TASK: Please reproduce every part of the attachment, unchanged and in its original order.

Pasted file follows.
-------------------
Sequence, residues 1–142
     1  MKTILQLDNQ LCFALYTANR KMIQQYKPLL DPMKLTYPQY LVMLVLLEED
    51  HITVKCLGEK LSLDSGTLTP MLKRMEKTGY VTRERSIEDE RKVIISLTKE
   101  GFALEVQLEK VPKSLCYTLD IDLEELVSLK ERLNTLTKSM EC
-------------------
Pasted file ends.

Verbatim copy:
Sequence, residues 1–142
     1  MKTILQLDNQ LCFALYTANR KMIQQYKPLL DPMKLTYPQY LVMLVLLEED
    51  HITVKCLGEK LSLDSGTLTP MLKRMEKTGY VTRERSIEDE RKVIISLTKE
   101  GFALEVQLEK VPKSLCYTLD IDLEELVSLK ERLNTLTKSM EC